Some of you non-bird photographers probably think it’s quite easy to photograph birds on my balcony.
After all, I am using a 150-500mm lens mostly……and the birds are about 5-15 feet away (the closer shots are made with the Sony a6000 and it’s 55-210mm ‘kit’ lens).
I can assure you it’s not.
Some days, I seem to manage ok, other days its near on impossible as the birds face the wrong way, or walk on the pot rim behind the plant. There’s a definite skill to getting the one focal point through the plant foliage and onto the bird’s eye OR moving the camera slightly to stop it autofocusing on the dusty rain droplets on the glass windows.
A sharply focused eye is what usually makes for a good bird photo. The eye is where the viewer’s eye goes straight to (even if the rest of the bird is ‘soft’ in focus).
2 days ago, the Japanese Maple only had faint knobs where the leaf buds were starting to show.
Today, the leaf buds are starting to open.
The Canon & 150-500mm lens was too long so I went back to get the Sony a6000 out of its soft pouch and went out to the balcony fence to get the following shot.
I spent some time trying to get the buds in focus on the main tree but the autofocus kept weaving in and out on various small branches.
Then I noticed some small branches which were easier for the autofocus to catch. This branch was in front of the stairwell/lift wall where the corrugated surface bounces the hot sun onto my balcony garden.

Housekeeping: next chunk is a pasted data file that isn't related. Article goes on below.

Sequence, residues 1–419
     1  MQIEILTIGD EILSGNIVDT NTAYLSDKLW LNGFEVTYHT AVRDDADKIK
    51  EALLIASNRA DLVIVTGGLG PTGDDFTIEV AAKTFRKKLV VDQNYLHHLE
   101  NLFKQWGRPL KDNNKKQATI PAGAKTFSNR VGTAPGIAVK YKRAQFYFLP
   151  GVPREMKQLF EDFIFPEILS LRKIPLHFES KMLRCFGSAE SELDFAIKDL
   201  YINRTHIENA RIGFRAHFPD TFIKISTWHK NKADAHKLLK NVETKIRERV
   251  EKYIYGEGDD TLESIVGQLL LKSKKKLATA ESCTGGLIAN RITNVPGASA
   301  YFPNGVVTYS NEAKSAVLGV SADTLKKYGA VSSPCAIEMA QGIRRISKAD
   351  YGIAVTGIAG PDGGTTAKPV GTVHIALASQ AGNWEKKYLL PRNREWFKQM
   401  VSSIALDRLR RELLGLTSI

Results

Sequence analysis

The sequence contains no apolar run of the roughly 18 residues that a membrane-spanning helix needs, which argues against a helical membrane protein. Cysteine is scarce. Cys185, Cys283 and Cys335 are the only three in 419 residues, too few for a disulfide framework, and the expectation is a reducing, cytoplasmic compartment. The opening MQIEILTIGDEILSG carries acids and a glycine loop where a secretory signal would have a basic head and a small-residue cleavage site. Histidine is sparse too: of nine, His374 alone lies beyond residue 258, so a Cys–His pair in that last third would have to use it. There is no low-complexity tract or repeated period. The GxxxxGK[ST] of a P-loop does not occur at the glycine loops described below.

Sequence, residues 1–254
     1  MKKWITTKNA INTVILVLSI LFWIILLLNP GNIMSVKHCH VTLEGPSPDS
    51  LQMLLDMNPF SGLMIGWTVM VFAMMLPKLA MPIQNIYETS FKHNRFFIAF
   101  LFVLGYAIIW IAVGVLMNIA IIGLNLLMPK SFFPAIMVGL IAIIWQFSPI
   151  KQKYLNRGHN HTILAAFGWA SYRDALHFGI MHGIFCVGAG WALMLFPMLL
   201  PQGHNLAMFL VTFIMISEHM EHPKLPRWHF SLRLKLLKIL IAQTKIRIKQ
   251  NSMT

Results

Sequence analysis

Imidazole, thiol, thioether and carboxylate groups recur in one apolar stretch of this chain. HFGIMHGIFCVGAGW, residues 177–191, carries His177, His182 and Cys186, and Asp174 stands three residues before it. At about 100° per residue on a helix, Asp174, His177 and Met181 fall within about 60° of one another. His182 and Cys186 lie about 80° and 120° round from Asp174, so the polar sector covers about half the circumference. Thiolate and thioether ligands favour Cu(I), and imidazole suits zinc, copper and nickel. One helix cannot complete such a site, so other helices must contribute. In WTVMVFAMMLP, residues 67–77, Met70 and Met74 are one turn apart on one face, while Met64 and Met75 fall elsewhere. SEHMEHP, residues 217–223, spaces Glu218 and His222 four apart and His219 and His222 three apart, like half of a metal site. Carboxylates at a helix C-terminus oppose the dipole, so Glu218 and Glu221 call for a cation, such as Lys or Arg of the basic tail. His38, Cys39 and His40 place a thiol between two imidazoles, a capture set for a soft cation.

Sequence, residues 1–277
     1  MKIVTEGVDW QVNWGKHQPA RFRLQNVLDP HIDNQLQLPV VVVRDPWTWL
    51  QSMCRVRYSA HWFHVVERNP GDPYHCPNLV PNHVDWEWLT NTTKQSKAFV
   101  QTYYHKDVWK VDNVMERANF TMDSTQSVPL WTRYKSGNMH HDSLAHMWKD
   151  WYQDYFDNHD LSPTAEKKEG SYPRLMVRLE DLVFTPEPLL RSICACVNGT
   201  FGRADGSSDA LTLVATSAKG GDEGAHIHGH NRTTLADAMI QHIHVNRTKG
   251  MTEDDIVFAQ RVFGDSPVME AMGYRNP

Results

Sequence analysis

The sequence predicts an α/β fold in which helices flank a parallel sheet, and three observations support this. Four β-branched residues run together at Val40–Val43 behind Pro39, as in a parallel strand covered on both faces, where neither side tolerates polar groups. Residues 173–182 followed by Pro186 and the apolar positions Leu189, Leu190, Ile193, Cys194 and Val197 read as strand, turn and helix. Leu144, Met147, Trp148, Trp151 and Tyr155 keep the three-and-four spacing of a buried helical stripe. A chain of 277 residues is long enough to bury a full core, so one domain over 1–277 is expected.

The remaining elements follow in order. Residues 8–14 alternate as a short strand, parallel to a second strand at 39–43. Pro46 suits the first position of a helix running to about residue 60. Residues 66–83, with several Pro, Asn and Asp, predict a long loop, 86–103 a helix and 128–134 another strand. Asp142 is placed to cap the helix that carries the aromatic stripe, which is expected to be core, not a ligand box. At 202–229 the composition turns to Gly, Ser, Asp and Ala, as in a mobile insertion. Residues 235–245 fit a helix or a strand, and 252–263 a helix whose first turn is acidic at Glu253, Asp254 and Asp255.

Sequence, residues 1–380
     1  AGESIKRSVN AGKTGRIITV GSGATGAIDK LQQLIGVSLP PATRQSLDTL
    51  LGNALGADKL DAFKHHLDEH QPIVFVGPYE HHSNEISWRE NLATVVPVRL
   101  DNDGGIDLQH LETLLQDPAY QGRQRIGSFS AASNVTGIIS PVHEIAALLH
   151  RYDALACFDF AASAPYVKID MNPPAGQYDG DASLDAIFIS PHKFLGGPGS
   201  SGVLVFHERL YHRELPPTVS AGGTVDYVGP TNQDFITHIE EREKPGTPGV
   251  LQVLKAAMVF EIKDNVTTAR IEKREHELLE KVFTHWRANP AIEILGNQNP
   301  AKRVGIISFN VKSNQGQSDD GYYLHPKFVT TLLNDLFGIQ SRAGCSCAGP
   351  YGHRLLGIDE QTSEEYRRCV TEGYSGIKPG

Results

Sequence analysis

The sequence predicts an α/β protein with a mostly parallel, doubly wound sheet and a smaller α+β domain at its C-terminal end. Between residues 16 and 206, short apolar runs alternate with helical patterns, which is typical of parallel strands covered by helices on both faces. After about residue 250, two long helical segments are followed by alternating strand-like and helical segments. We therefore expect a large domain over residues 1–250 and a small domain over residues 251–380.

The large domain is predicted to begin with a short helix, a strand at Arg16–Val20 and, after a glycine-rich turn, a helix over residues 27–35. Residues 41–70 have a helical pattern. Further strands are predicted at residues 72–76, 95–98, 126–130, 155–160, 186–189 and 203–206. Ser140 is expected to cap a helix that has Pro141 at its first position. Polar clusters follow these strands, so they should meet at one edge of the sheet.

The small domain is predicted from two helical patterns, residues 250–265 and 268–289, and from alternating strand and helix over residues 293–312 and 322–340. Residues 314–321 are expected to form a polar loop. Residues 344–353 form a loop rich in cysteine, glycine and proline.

…..and while too far away for this lens, I saw a New Holland Honeyeater sitting on the other Japanese Maple in front of the building’s entrance. I knew if I went back indoors to change cameras it would have flown away before I could get the shot. It was lovely to catch sight of a different species of bird now I’m more housebound with this ‘dodgey’ hip and knee etc.
Here are some images (again 😀 ) of the New Holland Honeyeater taken in 2017 just to remind you of what it looks like.
Apart from a crow (or House Raven ?) landing on my balcony fence for a few seconds last week, I haven’t seen much in the way of the 6-7 bird species that frequent this area this year so far. I certainly hear the caw-caw of the crows more since the construction workers have been here.
When I went out yesterday I noticed an awful lot of rubbish on the construction site – perhaps the crows/ravens are coming for a rummage around the rubbish?